Judge Andrew Napolitano: Obama has made the 5th amendment null and void

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posted on Mar, 12 2012 @ 02:59 PM
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reply to post by emberscott
 


Truthfully, I do not either. We have a congress with a approval rating of less then 10%, right? So, this next election we need to change that. But even if we change that, will it change? The corporations have their greedy hands in there...and pockets influence many!




posted on Mar, 12 2012 @ 03:27 PM
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reply to post by Nucleardiver
 


Al-Awlaki

"Do not seek any permission when it comes

to the killing of Americans." - Al-Awlaki



It was back in November of 2010 when a Yemenite judge ordered that Al-Awlaki be captured "dead or alive".


The Yemeni government began trying him in absentia in November 2010, for plotting to kill foreigners and being a member of al-Qaeda, and a Yemenite judge ordered that he be captured "dead or alive".
en.wikipedia.org...









Incidently, Al-Awlaki's 16 year old son (also an American citizen) was also assassinated by the Americans:


Two weeks later Al-Awlaki's 16-year-old son, Abdulrahman al-Awlaki, a U.S. citizen who was born in Denver, was also killed by a CIA-led drone strike in Yemen. en.wikipedia.org...



If we want to make a stronger arguement about the illegalities of political assassinations and state sponsored killings of Americans why focus so much on Al-Awlaki, and not on his 16 year old (a minor) son who was also killed by the Americans without any due process whatsoever?


These are a few of my thoughts on this particular issue.









edit on 12-3-2012 by ILikeStars because: (no reason given)



posted on Mar, 12 2012 @ 03:49 PM
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Originally posted by Drew99GT

The founders fought a revolutionary war to institute a form of human governance where laws usurp men. Men are now undoing rule by law at a scary pace, and no ones seems to even care.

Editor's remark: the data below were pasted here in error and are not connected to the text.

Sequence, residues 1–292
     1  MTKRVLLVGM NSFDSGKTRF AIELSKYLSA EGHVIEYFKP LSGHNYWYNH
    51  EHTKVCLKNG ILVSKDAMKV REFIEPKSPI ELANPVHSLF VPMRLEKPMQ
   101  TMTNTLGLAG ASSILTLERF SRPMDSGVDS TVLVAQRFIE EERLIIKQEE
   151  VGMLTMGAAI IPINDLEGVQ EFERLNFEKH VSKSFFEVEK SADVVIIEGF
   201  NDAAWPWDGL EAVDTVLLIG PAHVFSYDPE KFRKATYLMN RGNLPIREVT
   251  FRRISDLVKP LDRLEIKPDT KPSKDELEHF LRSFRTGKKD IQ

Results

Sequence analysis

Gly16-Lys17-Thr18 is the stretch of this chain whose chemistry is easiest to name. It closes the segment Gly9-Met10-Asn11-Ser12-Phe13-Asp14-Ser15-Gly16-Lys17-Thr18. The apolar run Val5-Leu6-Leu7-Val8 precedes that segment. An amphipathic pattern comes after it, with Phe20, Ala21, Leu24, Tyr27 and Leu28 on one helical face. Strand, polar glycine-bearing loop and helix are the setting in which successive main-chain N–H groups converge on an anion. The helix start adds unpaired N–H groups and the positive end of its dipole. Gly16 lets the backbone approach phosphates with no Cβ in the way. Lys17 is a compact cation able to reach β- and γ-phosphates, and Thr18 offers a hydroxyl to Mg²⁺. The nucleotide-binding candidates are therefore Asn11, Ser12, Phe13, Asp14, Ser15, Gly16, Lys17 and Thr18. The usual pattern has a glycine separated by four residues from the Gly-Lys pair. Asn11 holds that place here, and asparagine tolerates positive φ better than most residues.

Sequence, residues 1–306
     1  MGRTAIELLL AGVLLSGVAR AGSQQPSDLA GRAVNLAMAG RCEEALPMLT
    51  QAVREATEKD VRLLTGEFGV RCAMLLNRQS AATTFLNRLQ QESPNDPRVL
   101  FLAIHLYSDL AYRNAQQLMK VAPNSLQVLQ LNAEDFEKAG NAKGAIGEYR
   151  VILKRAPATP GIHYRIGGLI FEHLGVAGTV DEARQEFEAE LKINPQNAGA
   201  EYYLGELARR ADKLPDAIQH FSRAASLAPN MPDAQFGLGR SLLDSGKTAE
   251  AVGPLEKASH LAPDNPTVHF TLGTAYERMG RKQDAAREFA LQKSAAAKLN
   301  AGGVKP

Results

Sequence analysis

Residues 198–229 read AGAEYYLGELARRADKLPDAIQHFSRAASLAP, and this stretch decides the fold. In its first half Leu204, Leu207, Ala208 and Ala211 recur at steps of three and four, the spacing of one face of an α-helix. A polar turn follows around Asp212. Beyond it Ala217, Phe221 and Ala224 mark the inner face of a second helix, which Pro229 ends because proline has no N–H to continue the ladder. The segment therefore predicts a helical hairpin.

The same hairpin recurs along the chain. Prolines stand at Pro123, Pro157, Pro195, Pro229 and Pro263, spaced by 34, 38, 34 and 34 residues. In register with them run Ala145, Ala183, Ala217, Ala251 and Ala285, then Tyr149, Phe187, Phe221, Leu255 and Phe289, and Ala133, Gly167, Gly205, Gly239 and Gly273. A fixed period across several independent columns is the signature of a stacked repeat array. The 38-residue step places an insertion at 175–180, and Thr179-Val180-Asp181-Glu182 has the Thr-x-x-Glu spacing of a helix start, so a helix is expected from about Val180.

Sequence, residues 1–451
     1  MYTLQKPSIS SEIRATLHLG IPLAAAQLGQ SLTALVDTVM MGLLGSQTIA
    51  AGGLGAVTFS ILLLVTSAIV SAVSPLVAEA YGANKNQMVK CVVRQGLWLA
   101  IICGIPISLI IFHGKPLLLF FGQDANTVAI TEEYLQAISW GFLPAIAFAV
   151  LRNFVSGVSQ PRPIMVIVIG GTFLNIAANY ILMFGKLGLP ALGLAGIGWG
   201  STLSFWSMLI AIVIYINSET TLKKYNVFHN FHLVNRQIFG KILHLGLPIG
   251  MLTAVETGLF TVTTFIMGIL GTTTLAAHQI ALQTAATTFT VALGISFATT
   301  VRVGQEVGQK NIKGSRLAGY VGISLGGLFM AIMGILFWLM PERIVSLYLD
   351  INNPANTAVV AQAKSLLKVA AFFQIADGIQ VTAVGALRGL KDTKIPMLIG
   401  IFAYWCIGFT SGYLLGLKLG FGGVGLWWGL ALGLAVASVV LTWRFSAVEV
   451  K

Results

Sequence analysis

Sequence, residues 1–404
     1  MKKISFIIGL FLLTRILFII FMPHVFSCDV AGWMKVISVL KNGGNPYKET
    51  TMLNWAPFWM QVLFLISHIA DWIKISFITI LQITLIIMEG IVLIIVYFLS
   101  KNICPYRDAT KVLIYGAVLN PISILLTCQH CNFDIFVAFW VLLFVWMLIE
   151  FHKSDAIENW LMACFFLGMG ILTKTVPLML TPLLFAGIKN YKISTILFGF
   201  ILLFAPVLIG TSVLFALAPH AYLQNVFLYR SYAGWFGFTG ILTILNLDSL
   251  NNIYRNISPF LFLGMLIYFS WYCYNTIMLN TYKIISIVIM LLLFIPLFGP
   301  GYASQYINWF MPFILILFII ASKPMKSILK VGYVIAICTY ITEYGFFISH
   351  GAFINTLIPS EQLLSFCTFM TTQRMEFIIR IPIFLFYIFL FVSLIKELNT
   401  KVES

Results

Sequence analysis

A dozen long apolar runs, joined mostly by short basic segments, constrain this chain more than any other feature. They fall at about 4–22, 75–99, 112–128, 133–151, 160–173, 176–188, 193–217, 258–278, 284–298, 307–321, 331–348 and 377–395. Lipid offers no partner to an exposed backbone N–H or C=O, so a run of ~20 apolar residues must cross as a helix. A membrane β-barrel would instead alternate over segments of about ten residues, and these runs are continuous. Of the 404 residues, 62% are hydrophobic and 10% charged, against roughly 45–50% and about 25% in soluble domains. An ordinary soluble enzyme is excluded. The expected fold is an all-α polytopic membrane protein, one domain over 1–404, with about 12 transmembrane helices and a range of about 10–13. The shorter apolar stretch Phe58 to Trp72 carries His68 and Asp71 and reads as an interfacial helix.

"Do not seek any permission when it comes to the killing of Americans." - Al-Awlaki


Seems to me that Obama and Holder were just taking Al-Awlaki's advice.



It was back in November of 2010 when a Yemenite judge ordered that Al-Awlaki be captured "dead or alive".


The Yemeni government began trying him in absentia in November 2010, for plotting to kill foreigners and being a member of al-Qaeda, and a Yemenite judge ordered that he be captured "dead or alive".
en.wikipedia.org...




edit on 12-3-2012 by ILikeStars because: (no reason given)



posted on Mar, 12 2012 @ 04:22 PM
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I think a better option would be if by some congressional bill the congress along with the presidents signature declares an individual a national threat that then and only then would a president be allowed to use US Forces against that American without a trial. No way should a president be able to singularly decide if someone is an enemy of the state or not.



posted on Mar, 12 2012 @ 04:26 PM
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"How Does U.S. Justify Killing A Citizen Without Trial"



posted on Mar, 12 2012 @ 05:40 PM
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Originally posted by queenofswords
The FAA Reauthorization Act (H.R. 658.ENR) that Obama signed last month laying the groundwork for 30,000 drones to fly over US airspace may sound benign to some, but considering NDAA and now this information in the OP, all citizens concerned with privacy issues, Congressmen that slink back or don't do their due diligence, and the lack of transparency in this administration concerning the details need to stay vigilant and informed. "You don't need a weatherman to know which way the wind is blowing."